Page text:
Music and Lyrics: Pet Shop Boys
Book: Jonathan Harvey
Director: Gene David Kirk
Reviewer: Alex Ramon
There wasn’t a whole lot of love around for Closer To Heaven when it premiered, even though those involved – the show weds a book by Jonathan Harvey to original music and lyrics by Pet Shop Boys – might seem, on paper at least, to suggest a collaborative dream team. However, when the musical debuted at the Arts Theatre back in 2001 (with Frances Barber, David Burt and Paul Keating among its cast members) it was taken to task by some critics for songs of variable quality, problematic staging and a weak storyline which rehashed clichés of contemporary gay life.
That kind of ambivalent response won’t put off the brave souls at the Union Theatre, though, and thus Closer To Heaven is now being revived at the tiny but ever-enterprising venue in a production directed by Gene David Kirk. Unfortunately, the piece still looks like a mostly misbegotten affair whose flaws are too major for even the slickest production to totally surmount them.
Set against the backdrop of Soho’s druggy, pansexual clubland, the show centres on a young dancer, Dave, an Irish boy who’s offered a job at a London nightclub, owned by the taciturn Vic and presided over by performer Billie Trix, a fading rocker and den mother of sorts to the club’s denizens. Dave starts a relationship with Shell, Vic’s estranged daughter, but soon finds himself tempted by the attractions of Mile End Lee, a dealer with whom he ends up falling in love.
A mixture of music business satire, club culture celebration/critique and coming-of-age (and coming out) story Closer to Heaven’s mode is grubby camp, and Clark’s production goes full-tilt in embracing that aesthetic. More money than usual at the Union has been thrown at the set and costumes, and David Shields’ design does well in the club scenes, with the cast members already on the dance floor when the audience enters the auditorium.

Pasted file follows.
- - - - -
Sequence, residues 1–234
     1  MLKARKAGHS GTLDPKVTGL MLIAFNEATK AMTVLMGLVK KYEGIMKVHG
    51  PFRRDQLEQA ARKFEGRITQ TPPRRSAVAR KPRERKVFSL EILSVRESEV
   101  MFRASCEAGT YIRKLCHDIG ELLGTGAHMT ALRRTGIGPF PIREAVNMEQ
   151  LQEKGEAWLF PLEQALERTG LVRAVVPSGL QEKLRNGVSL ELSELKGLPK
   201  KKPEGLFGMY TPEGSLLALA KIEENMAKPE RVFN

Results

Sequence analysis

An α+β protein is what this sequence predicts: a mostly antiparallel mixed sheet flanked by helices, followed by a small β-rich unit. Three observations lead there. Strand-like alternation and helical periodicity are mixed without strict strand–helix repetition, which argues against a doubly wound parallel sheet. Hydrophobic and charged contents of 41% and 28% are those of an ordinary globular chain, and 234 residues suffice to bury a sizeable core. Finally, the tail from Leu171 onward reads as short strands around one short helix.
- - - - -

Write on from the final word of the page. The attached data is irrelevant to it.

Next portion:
However, despite some spry choreography by Philip Joel and solid arrangements by MD/DJ Patrick Stockbridge, the show feels rather amateurish for the most part. Full of drama, insight and character, Pet Shop Boys songs seem a perfect vehicle for a clubland musical. But while flashes of patented PSB wit surface – a show featuring a number entitled “It’s Just My Little Tribute To Caligula, Darling!” can’t be a total write-off – the songs aren’t always well-integrated into the plot, and the characters are too weakly drawn for the numbers to really resonate, with attempts at tender, emotional moments falling especially flat. (Plus, it soon becomes apparent just how much PSB songs gain from Neil Tennant’s distinctive dry delivery.)
The main culprit for the show’s shortcomings, though, is Harvey’s crude and crummy writing. Alarm bells are set ringing in the opening number: the song, “My Night”, is strong and hugely appealing but the bits of book that Harvey crowbars around it (with the characters outlining who they are and what they’re doing in the show) are clumsy in the extreme. More surprising still is the lack of affection that the show demonstrates for club culture, as well as the obviousness of its satirical targets (boy band members don’t need to be able to sing, we’re informed), while the endless speculations about Dave’s sexuality become tedious in the extreme.
Not all of the performers, which include Jared Thompson as Dave, Connor Brabyn as Lee and Amy Matthews as Shell, seem entirely at their ease yet, with the exception of Ken Christiansen, who appears to be enjoying himself in the rôle of a predatory producer who reveals his modus operandi (and much more besides) in a sauna-set strip sequence. And, as Billie, Katie Meller’s resemblance to Liza Minnelli keeps one amused. But, despite some fun moments and a few choice songs that you’ll certainly emerge singing, Kirk’s revival ends up fairly far from heaven.
Runs until 23rd May | Photo Darren Bell